[These assholes led by the Black Jew Ramaphosa are doing their utmost to keep their dumb COVID restrictions going until the end of the year despite the evidence being clear that most of COVID has run it's dumb course. They are just a bunch of power hungry scum. Jan]
Even though President Cyril Ramaphosa has said that South Africa’s state of disaster will end, that doesn’t mean the end of public health interventions to slow the spread of the coronavirus.
Health minister Joe Phaahla said in an interview with the Sunday Times that even after the national state of disaster is lifted, South Africans must continue wearing masks, sanitising, social distancing, and limiting the size of gatherings.
Regulations to limit the size of public gatherings would have to be in place until the end of the year, the minister stated.
The ability to adjust these measures will be moved into the National Health Act, and the Minister of Health will be given jurisdiction over the relevant regulations.
Phaahla said that social distancing would have to continue so long as the virus is circulating, especially indoors.
While President Ramaphosa is concerned about the psychological burden of the ongoing state of disaster, Phaahla said that South Africa wouldn’t throw the baby out with the bathwater like UK Prime Minister Boris Johnson did.
He said that after the United Kingdom lifted its Covid-19 regulations, it saw an increase in infections.
“Even if you have 1% of seriously ill people when you have 200,000 infections a day, it’s a big number and can overwhelm health facilities and become a challenge… So we are trying to find the correct combination and legal framework without the Disaster Management Act,” the minister told the Times.
Phaahla explained that the National Health Act itself would need to be amended before it could be used as the anchor legislation for managing pandemics like Covid-19.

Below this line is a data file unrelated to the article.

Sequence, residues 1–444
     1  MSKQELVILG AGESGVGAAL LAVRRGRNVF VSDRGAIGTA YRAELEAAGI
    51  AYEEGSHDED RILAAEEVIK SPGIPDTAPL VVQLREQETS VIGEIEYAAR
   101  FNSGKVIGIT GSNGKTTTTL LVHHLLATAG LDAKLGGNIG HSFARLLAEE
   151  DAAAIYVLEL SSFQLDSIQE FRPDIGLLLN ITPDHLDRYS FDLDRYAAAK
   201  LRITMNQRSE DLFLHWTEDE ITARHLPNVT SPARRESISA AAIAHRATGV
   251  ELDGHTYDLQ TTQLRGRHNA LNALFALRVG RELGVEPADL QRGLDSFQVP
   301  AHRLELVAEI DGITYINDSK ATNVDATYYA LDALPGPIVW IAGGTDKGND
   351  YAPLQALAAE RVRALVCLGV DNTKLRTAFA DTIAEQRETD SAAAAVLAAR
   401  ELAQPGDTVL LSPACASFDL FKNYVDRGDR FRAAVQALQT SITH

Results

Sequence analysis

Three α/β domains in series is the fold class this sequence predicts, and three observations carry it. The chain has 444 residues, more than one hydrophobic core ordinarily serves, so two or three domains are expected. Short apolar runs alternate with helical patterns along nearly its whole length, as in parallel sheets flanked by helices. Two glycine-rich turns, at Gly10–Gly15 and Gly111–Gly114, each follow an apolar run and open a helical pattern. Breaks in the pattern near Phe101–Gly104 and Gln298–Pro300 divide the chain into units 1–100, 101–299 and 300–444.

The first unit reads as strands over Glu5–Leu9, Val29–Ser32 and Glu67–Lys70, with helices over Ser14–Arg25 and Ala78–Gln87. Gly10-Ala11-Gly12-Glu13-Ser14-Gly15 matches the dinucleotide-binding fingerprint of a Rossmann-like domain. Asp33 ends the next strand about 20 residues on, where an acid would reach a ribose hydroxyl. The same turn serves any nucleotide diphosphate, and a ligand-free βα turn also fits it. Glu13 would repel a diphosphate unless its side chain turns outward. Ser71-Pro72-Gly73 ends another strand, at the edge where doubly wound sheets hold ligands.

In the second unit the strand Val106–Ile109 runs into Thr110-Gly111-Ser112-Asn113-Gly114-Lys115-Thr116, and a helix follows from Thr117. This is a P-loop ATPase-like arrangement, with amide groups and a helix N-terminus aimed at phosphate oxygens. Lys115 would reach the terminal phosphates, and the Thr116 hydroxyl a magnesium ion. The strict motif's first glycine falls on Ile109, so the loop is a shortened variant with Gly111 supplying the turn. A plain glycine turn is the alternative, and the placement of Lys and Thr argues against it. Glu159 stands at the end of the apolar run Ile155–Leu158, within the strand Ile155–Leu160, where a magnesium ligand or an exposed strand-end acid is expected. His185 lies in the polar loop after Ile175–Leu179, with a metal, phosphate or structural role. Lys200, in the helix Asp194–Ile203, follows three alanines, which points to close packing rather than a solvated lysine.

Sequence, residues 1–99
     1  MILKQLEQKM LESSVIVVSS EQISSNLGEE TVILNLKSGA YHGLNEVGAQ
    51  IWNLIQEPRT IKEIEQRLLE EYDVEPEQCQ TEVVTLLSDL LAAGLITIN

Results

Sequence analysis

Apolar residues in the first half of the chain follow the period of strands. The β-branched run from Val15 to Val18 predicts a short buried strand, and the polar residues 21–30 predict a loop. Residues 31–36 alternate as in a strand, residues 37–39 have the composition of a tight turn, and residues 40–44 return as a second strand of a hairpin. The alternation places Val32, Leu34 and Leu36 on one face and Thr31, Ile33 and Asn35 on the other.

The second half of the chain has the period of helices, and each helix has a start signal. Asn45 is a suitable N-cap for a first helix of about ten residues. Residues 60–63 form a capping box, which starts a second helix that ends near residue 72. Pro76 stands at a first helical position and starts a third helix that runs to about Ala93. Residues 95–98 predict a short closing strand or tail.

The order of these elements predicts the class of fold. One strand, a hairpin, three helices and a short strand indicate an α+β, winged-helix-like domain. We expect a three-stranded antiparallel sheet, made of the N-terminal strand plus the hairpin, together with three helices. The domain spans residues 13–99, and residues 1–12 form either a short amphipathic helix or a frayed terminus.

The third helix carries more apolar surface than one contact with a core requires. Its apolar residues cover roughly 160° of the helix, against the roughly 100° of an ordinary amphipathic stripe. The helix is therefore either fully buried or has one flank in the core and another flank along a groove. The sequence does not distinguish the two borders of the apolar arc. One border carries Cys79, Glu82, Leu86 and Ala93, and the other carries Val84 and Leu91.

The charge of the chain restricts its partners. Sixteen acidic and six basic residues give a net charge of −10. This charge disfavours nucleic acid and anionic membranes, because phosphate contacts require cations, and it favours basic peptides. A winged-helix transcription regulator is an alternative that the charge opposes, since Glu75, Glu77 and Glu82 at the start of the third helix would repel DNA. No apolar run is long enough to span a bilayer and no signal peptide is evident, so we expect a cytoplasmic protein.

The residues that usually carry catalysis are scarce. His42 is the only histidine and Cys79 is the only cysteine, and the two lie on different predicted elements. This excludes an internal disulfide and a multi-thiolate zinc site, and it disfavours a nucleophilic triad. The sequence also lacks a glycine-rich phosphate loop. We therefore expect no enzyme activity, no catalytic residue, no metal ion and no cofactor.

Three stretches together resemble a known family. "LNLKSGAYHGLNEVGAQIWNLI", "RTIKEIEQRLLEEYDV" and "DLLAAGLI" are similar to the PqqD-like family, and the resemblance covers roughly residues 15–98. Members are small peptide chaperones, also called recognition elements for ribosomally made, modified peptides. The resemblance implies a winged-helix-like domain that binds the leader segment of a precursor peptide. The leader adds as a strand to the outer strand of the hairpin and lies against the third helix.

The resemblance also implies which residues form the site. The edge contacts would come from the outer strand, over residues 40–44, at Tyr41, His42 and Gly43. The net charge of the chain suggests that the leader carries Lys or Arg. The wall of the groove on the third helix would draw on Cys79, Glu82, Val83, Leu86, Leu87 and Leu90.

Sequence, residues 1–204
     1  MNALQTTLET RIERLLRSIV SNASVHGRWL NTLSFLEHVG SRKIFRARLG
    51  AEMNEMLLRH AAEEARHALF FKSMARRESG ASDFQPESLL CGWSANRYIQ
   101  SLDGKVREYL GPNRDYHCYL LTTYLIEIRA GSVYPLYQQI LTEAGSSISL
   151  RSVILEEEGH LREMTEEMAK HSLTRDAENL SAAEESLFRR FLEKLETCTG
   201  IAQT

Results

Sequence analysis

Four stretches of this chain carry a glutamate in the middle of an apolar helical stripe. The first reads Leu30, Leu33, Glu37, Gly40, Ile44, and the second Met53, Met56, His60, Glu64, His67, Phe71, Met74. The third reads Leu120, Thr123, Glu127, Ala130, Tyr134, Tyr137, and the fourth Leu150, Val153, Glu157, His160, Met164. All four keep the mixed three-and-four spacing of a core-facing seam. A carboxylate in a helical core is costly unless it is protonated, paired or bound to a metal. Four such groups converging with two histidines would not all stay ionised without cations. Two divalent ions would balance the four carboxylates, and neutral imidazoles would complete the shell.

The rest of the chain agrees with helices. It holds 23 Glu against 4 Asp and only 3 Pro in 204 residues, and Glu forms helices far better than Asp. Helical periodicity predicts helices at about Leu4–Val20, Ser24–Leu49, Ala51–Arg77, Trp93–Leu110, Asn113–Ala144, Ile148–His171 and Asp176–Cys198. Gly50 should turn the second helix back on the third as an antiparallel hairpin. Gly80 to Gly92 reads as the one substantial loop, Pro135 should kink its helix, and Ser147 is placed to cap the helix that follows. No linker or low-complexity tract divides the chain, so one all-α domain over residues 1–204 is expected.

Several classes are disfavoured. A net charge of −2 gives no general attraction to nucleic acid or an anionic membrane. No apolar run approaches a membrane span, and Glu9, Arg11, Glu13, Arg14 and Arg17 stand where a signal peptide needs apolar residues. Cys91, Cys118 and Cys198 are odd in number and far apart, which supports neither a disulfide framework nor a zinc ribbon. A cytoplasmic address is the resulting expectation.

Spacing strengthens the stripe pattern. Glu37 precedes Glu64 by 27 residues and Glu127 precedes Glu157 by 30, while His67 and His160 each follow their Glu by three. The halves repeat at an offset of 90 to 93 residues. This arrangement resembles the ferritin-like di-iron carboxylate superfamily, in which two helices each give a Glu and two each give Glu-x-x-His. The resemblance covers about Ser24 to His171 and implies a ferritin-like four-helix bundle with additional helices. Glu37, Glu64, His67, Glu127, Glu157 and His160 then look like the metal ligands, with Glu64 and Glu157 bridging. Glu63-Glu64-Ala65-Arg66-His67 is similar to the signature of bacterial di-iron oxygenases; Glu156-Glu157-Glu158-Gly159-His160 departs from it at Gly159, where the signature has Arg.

From there, it would take a minimum of three months to implement new regulations after being gazetted.
Shabir Madhi, Professor of Vaccinology at the University of the Witwatersrand
Phaahla’s statements are in-line with recommendations from health experts, including Wits vaccinology professor Shabir Madhi, Ezintsha director at Wits health sciences Prof Francois Venter, and Groote Schuur hospital infectious diseases head Dr Marc Mendelson.
While the experts disagree on the extent of the restrictions that should remain in place, they have said that government should lift the state of disaster while some public health measures stay in place.
They specifically highlighted mask-wearing in densely-packed public transport, along with a “single-minded focus” on the vaccine rollout.
Among the changes they proposed were:
End all restrictions on outdoor activities, including forced mask-wearing
End restrictions on indoor activities, but keep mask-wearing mandatory for scenarios like densely packed public transport
End routine sanitising and fogging
End routine temperature scanning and daily screening
Stop all school restrictions, including rotational learning
Stop testing asymptomatic patients in hospitals
Stop routine testing mild and asymptomatic cases
Stop PCR and antigen testing at borders
End quarantine and contact tracing
Shorten the isolation period of infected people to five days
Stop preventing people from visiting loved ones in hospitals
The experts called on government to abandon its goal of vaccinating 70% of all adults and focus its time and money on the most vulnerable groups.
They suggested targeting people over 50 and providing booster shots to high-risk groups.
Government should also consider mandatory vaccinations in specific scenarios — including for healthcare workers, educators, and indoor gatherings of large groups.
Tourism kneecapped by lockdown
South Africa’s tourism sector has pleaded with the government to relax Covid-19 regulations and allow them to fully reopen for business and create jobs.
Current regulations require travellers to obtain a negative PCR test result before coming to South Africa.
This creates a significant problem for tourists who want to visit remote places in South Africa’s neighbouring countries where tests aren’t available.
Another issue is the lack of certainty for tourists.
It’s of no use to tourists if Covid-19 restrictions are relaxed if there is no guarantee they won’t simply be re-imposed and leave them stranded.